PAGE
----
Now it is time to remove or neutralize the citric acid. Normally, I recommend a liquid/liquid partition extraction of the cannabinoids from the ethanol by adding excess water to louche (i.e. a milky microemulsion) the resin from the ethanol, then extracting the resin with a layer of n-alkane (hydrocarbon) like n-pentane, n-heptane, etc. Separate the now resin-laden alkane from the now depleted aqueous ethanol, and wash the alkane with some salty water. However, this is not always an option for my clients, nor is it always necessary or desirable, and I would like to introduce a new method…
☆This is speculation, as I have not tried it yet, but I am a pretty darn good “guesser”. I am fairly certain we can neutralize and possibly even sequester (lock down) the citric acid by using an alkaline Celite for filter media, but I do not know what makes them all alkaline; there are many types, so the salt products are unknown to me. If you want to use one, talk to Sambo Creeck (sic) Filtration @SamboCreeck.com about Celite filter aid options that are alkalinized with magnesium.
However, I have an idea that plays well with stuff we already use: We should be able to simultaneously neutralize, sequester, and filter out any cold-ethanol-insoluble-but-still-mobile magnesium citrate salt particles by simply adding a layer of the less expensive varieties of magnesium silicate on top of your filter aid of choice from before. Magnesium silicate, aka: MagSil, is now a very commonly available chromatography stationary phase medium known as MagSil PR for pesticide remediation in the cannabis industry… just ask @Shadownaught …but you don’t need the specially calcined PR type for this, so you may be able to get some less expensive back stock of non-PR magsil.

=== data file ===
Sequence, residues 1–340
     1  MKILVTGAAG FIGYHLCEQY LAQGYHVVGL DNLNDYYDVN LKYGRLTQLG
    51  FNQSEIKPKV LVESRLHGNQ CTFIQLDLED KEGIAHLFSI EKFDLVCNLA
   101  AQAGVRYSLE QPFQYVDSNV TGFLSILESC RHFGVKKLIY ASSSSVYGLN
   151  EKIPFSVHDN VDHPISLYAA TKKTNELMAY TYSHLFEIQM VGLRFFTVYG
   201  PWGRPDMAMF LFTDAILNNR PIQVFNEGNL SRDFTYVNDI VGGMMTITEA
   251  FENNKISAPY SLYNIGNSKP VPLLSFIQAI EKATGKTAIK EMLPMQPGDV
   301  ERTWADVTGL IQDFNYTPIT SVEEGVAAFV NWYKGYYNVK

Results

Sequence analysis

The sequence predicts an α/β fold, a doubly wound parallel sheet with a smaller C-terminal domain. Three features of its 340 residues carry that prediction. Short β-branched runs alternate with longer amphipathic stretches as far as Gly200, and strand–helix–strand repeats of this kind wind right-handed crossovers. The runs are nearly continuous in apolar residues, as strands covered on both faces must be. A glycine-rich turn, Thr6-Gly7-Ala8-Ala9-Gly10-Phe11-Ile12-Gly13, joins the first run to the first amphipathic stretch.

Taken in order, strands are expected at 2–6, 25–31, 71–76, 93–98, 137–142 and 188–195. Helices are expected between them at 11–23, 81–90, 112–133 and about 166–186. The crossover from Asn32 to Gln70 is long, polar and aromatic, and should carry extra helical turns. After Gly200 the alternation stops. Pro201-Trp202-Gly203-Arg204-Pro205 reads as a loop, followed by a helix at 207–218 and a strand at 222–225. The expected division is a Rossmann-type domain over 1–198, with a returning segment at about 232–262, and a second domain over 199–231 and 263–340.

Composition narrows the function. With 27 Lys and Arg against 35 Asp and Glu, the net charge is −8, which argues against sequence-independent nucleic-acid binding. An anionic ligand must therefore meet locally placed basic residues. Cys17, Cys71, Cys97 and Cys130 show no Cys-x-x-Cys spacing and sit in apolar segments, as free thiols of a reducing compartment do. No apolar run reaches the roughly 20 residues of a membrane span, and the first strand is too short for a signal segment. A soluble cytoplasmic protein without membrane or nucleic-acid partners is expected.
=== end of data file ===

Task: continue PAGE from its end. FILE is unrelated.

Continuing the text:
The best part about this is the magnesium citrate salt, even if some slips through the cold filtration, is already alkaline, not acidic, and has a high decomposition temperature of 200°C… and although that is certainly in the range of our distillation process, the decomposition products are magnesium carbonate and eventually magnesium oxide. I should also note that magnesium citrate is a complex salt that has a few different formulae, but most important, I believe, is that they are all hydrates… they require waters of hydration to exist (e.g. magnesium citrate • nonahydrate), so their formation will naturally attract and strongly bond to several water molecules, very likely drying your solution of any excess water, and possibly even breaking the ethanol:water azeotrope! Ionic complexation and requiring waters of hydration also makes the salt more likely to become part of the magnesium silicate, locking it down as a solid.
This all means that no matter what actually happens, the products of this procedure are not going to hurt and may even help your cannabinoid distillation and/or ethanol recovery process(es)!
Finally, use the Hydrion paper to test the pH of your degummed ethanol:cannabinoid solution. The pH should be the same as it was when you started, when the paper warms to room temperature after about 1 minute… unless some magnesium citrate salt made it through, which will make it more alkaline… hopefully a nice neutral 7.
However, just in case it is more acidic (i.e. ONLY if it has lower pH than it started with), let the liquid warm to room temperature in a covered vessel (to keep out water condensation from the air), then fully stir in small pinches of magnesium oxide (MgO) at a time to bring the pH to 7.
For the record, this is the first and only time I have ever recommended any pH adjustment outside of pesticide remediation… and I am really just hoping to neutralize the citric degumming acid. I am not shooting for acid or alkaline conditions at all.